Publishers waited three years to reconvene at the London Book Fair, and the level of enthusiasm for a near-normal book fair was high among those who attended. On opening day, lines formed outside the venue for the obligatory Covid vaccination checks, and throughout the event the largely mask-free crowd had to find a way to navigate the new layout, as the fair was held in the still-under-renovation Olympia hall. Though the presence of the large American publishers was mostly limited to small groups or U.K. employees, British publishers crowded the floor, and numerous international stands—ranging from the United Arab Emirates to Indonesia to Turkey—took up even more prominent positions.

Though the fair had not released official attendance numbers as of press time, attendance was notably sparser than in years past, especially among the general public, and some key venues, such as the Literary Translation Center and Authors HQ, had notably shrunk. That said, the International Rights Center, having moved to a new location adjacent to the ground floor, was full and far more active than the LitAg in Frankfurt was back in October.

Ian Millar, managing director of Canelo, a U.K.-based publishing house focusing on commercial fiction, said that his fair was full of back-to-back meetings. “We have had several good years,” Millar said, “and there has been a strong appetite for our books.” Canelo, which publishes 300 titles per year, of which approximately half are reprints, has partnered with Printers Row and will be launching in the U.S. later this month. As far as trends, Millar has seen increased interest in mysteries and thrillers with diverse characters, as well as in books for people who have outgrown young adult fiction. “I don’t know what that genre should be called, but ‘new adult’ makes me uncomfortable,” Millar said.

One major topic addressed by the fair was the future of publishing after Covid-19. There was agreement that publishers and managers will need to standardize their hybrid work practices. Everyone is going to have to become better at communication, said Tsedal Neeley, professor at the Harvard Business School, during a session on the hybrid workspace. “Older managers are going to have to get accustomed to using technology, including that to which they are not accustomed—like newer forms of social media, while younger workers are going to have to get used to coming into the office a couple of times a week.”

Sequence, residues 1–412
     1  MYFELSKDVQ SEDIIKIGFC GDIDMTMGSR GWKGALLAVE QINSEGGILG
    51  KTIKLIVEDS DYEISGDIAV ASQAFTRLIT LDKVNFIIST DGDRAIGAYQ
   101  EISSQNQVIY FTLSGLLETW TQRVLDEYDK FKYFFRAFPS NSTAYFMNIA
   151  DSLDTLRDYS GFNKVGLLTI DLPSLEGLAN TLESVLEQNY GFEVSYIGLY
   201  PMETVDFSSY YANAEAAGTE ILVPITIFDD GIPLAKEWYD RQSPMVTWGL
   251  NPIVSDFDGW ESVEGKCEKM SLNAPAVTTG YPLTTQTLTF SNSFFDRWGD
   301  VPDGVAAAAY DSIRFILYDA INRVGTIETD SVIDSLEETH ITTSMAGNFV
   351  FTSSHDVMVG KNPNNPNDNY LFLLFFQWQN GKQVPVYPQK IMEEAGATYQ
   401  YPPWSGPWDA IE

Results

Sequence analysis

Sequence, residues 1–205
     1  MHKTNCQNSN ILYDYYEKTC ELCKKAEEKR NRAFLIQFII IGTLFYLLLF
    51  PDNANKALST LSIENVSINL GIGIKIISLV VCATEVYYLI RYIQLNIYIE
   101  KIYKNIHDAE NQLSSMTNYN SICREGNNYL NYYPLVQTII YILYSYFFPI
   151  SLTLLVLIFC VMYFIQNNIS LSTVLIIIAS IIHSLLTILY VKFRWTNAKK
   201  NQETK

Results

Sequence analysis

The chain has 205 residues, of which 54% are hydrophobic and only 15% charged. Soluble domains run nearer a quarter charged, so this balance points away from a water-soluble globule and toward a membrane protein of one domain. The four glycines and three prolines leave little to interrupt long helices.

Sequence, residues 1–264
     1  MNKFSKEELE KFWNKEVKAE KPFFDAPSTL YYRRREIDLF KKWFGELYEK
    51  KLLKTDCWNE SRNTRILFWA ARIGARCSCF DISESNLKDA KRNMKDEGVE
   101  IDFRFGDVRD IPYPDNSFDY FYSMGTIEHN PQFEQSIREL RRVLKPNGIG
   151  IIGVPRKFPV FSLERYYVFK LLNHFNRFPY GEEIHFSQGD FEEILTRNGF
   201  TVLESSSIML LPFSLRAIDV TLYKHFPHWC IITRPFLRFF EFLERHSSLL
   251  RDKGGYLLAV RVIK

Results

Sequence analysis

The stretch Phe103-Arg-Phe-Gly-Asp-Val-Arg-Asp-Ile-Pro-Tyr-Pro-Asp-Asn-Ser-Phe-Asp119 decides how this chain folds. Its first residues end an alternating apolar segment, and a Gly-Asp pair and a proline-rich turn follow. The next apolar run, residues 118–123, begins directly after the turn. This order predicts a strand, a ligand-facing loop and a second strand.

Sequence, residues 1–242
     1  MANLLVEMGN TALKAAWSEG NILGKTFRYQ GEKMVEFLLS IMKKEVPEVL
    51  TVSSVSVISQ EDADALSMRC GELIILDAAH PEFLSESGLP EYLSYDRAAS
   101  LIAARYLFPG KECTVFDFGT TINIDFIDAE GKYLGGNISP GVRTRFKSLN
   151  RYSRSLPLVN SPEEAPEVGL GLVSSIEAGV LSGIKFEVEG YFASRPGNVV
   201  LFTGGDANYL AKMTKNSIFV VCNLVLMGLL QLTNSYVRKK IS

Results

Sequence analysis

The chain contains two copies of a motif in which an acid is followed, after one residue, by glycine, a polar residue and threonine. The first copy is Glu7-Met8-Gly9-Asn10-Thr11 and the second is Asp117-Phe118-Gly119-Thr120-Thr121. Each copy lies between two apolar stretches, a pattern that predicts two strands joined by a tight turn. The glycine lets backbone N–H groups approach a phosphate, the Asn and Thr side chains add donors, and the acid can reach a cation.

Covid is also affecting the types of books publishers are acquiring. “At first, the only way authors knew how to handle the pandemic was to set all their novels in 2019, but I am encouraging people to change that and write about current events, as they are,” said Jenny Geras, managing director at Bookoutre, a British digital publishing company.

“I’m looking forward to getting all those submissions of novels set in the pandemic,” said Eoin Purcell, head of Amazon Publishing in the U.K. and Germany.

The fair saw a number of key deals with big-name authors, including Quercus’s acquisition of the English-language rights for the next three installments of Stieg Larsson’s Dragon Tattoo series, this time written by Swedish author Karin Smirnoff, and Canongate acquired Son of Nobody, a retelling of the Trojan War by Yann Martel, the Booker Prize–winning author of Life of Pi.

The war in Ukraine was a topic of discussion during the fair, and author Andrey Kurkov, president of PEN Ukraine, traveled from his home on the Slovakian border to implore publishers to stay vigilant and cease working with Russian publishers. Representatives of several Baltic countries were offering similar advice. State-sponsored Russian publishers were barred from participating in the book fair by Reed Exhibitions, the organizers of the event, but questions were raised as to why none of the largest publishing groups in the world have made statements that they would stop working with Russia. There were even reports that some subrights agencies were continuing to sell rights on behalf of large publishers for bestselling authors into Russia.

The overall feeling, though, was that it was good to be together to exchange views and news. London Book Fair director Andy Ventris said, “It has been fantastic to see the global publishing industry come together in person at the London Book Fair over the past three days, reconnecting and doing business.”